Amy Meiers is cooking up quite the atypical summer trip to South Dakota. And the Weber barbecue people will pick up the bill.
Amy is a Santa Rosa escrow assistant whose surname was Garcia when she graduated from Elsie Allen High in 2000. She travels to Sturgis this week as one of three finalists in a national hamburger competition.
The grill-off next Sunday will be a major amusement of the 74th annual Harley-Davidson rally that will draw legions of motorcycle riders to the town.
“I can’t believe they picked me,” said Amy, 31. Here she’s a home cook and the other two finalists in the Weber’s Big Burger Battle Championship are a New Yorker who trained at Culinary Institute of America and works for a restaurant chain, and a Southern California graduate of Le Cordon Bleu who’s becoming a caterer.
Go Elsie Allen!
Given that Amy hails from Sonoma County, I expected that her entry might be something like a Bodega lamb patty finished with organic arugula and paper-thin golden beet, a dusting of roasted quinoa, spritz of truffle oil and dollop of chevre aioli, presented open-face on artisanal ciabatta.
Hardly. As she refined her burger recipe, Amy was mindful that were it to do well it would premiere in a national championship at the dusty, South Dakota confab of some hundreds of thousands of Hog riders.
So she went bold. Her beef patty recipe, available at weber.com/promotions/big-burger-battle, boasts jalapeños, chipotle sauce, tortilla chips, cheddar cheese, refried beans and guacamole.
She calls it ... Wait for it ...
“Nacho Average Burger.”
Her success in making it to the championship in Sturgis has been good news for her husband, Aivars Meiers, and the hardy crew with whom he works at the Dry Creek Rancheria Fire Department. Amy recruited them to taste-test her burger and help assure that she gets it assembled, grilled, garnished and served within the time alloted by Weber.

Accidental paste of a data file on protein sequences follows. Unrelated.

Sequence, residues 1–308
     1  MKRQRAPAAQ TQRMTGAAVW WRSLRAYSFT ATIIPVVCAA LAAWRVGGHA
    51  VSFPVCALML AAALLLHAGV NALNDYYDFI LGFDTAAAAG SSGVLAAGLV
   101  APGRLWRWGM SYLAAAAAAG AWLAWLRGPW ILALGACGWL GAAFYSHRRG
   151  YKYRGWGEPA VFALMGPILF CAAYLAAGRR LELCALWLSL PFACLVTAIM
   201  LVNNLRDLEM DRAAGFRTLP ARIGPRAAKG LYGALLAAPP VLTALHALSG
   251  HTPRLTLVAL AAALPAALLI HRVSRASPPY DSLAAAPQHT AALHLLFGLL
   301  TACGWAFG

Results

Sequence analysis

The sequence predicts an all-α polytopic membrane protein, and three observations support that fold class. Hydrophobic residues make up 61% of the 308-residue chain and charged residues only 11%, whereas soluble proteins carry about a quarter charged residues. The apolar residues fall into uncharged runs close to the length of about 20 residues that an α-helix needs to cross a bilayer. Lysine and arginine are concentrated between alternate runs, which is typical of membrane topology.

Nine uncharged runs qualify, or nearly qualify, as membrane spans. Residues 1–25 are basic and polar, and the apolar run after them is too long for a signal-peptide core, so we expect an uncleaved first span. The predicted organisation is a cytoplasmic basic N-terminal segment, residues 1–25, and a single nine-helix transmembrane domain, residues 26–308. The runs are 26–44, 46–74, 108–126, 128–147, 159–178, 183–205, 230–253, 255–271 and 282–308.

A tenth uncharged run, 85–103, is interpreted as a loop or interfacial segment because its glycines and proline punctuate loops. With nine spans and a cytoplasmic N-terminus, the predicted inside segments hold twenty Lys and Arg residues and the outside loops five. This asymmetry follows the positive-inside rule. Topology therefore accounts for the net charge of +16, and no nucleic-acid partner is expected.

The firefighters are thumbs-up about her peppered creation. As with Sturgis riders, they like it hot.
MARK SPAULDING LOVED to fish, and he relished helping people-serving nonprofits to thrive.
This is why the celebration of his life will take place at 5 p.m. Saturday at an enchanting water feature of the new Children’s Museum of Sonoma County, next door to the Charles M. Schulz Museum in Santa Rosa.
To honor Spaulding, who succumbed to cancer in April at 64, his family has helped to complete the outdoor, quite elaborate Russian River attraction. Kids toss tiny models of salmon into the running water, then stand on a new, wooden bridge made possible by Spaulding’s loved ones and use a net to scoop the fish from a river pool.
“It’s probably the favorite thing that kids do at the museum,” said Collette Michaud, founder/director of the evolving, scientific wonderland and someone eternally grateful to Mark Spaulding for helping to make it a reality.
IT’S NOT FAITH that drives the Rincon Valley teen who seeks to be allowed to maintain the hillside cross of whitewashed stones created 30-plus years ago by a Christian combat veteran now banned from the property.
“I’m not religious,” said Maria Carrillo sophomore Cameron Whiteside, 15. “I’m agnostic right now.”
Cameron says he launched a petition to urge the owner of the property above SkyHawk/ St. Francis Acres to permit resumed maintenance of the cross because its creator, Arvo Kannisto, built it to honor fallen soldiers.